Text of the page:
But, just a few hours walking around Genoa makes it obvious this is the perfect playground for someone with an enthusiasm for reviving stunningly crafted works of art.
The city is full of Palazzos, the streets ornate with statues and the everyday is built into amazing buildings from the past.
And then there’s the food – a city with the ability to make simple ingredients taste wonderful. Of course there’s pesto. My visit is specifically to attend the World Pesto Championships. But, there’s more – tripe (for those who like it), rabbit and goat and a slow cooked sausage called Tucco.
101 different ways of presenting anchovies and Salsa di noci, made with walnuts, pine nuts, garlic, butter, and cream. I dine like a queen on a bowlful of trofie with saffron and sausage and have to try extremely hard to avoid eating the local foccacia, made with lard rather than olive oil and often topped with onions.
There’s a local cake called farinata made with chickpea flour and a tiny sweet olives variety, taggiasca. Traditional Ligurian food is substantial and hearty. Sustenance for sailors; food from a region where farming is hard because of the mountainous terrain, where despite the extensive coastline there’s little fishing and where, in the fifteenth century fresh vegetables were more expensive than meat.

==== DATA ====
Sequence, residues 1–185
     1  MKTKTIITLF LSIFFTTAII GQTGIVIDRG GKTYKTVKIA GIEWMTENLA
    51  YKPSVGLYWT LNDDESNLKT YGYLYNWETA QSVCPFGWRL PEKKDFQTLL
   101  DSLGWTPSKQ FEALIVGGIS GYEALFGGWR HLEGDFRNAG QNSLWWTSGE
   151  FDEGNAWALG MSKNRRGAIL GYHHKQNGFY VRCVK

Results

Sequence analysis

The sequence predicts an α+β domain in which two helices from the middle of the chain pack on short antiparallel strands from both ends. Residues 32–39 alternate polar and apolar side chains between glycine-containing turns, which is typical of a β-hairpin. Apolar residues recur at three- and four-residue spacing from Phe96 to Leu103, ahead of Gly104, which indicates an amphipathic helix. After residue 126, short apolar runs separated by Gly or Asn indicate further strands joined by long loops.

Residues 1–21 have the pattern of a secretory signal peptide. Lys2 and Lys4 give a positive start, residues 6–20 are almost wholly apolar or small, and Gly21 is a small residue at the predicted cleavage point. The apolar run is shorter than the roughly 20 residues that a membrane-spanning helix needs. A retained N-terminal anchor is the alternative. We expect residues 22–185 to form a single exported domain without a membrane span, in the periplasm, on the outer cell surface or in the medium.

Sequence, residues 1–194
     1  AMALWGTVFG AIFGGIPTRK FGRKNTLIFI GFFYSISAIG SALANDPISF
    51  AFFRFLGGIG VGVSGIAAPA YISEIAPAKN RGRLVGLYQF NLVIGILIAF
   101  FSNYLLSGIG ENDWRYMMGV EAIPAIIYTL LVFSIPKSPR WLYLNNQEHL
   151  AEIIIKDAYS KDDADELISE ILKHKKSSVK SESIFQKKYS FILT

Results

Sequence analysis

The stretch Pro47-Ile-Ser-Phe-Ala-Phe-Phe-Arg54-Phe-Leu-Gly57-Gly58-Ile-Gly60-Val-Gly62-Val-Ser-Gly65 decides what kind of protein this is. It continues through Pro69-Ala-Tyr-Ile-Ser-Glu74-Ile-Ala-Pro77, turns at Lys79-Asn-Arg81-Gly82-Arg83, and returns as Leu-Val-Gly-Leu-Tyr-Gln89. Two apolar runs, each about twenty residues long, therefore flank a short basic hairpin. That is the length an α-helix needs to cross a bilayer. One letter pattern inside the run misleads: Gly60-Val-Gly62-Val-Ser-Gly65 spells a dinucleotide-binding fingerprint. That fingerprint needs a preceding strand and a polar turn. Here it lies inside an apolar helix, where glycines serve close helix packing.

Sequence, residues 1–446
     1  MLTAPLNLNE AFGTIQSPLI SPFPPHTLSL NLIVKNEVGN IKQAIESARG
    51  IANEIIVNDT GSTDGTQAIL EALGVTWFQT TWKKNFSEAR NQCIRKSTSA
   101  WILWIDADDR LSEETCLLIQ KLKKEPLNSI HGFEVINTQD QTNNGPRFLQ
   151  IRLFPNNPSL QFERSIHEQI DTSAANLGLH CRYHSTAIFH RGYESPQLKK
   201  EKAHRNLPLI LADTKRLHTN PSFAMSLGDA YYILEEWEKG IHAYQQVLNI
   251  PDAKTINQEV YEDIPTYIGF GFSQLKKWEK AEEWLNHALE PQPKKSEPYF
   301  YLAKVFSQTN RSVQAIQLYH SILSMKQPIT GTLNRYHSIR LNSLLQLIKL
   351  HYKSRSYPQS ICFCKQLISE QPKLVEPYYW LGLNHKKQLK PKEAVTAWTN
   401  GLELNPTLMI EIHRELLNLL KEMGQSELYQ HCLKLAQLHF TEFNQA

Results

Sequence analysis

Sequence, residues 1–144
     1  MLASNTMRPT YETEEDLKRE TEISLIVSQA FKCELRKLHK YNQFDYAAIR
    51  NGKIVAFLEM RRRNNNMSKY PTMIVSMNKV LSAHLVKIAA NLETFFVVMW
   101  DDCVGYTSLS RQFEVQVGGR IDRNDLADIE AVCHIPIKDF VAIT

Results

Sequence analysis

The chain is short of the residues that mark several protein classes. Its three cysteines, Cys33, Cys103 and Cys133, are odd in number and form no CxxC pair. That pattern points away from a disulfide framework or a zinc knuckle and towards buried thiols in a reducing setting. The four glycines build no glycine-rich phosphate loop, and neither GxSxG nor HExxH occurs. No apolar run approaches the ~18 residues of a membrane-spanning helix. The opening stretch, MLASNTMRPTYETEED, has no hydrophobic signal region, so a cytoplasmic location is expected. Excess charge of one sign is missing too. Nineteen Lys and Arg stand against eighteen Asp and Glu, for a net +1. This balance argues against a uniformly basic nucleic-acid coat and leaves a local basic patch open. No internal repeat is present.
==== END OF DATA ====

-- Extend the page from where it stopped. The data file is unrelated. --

I suspect there’s a lot more to see and a lot more to discover. A three-day introduction to Genoa and Liguria is just a taste, a promise of more that I now need to explore for myself. So, I’m planning my next trip to this fascinating hidden gem in Italy.
Why not pin this for later…
I was a guest of the Ligurian Tourist Board
For further information on Liguria please visit www.turismoinliguria.it
For further information on the Pesto Championships please visit www.pestochampionship.it The next championships will take place in 2018.
Return flights from London Gatwick to Genoa start from £95 with British Airways. (0844 493 0787)
One night B&B in a classic double room at President Genoa starts from £70 for two people. (00800 0022 0011)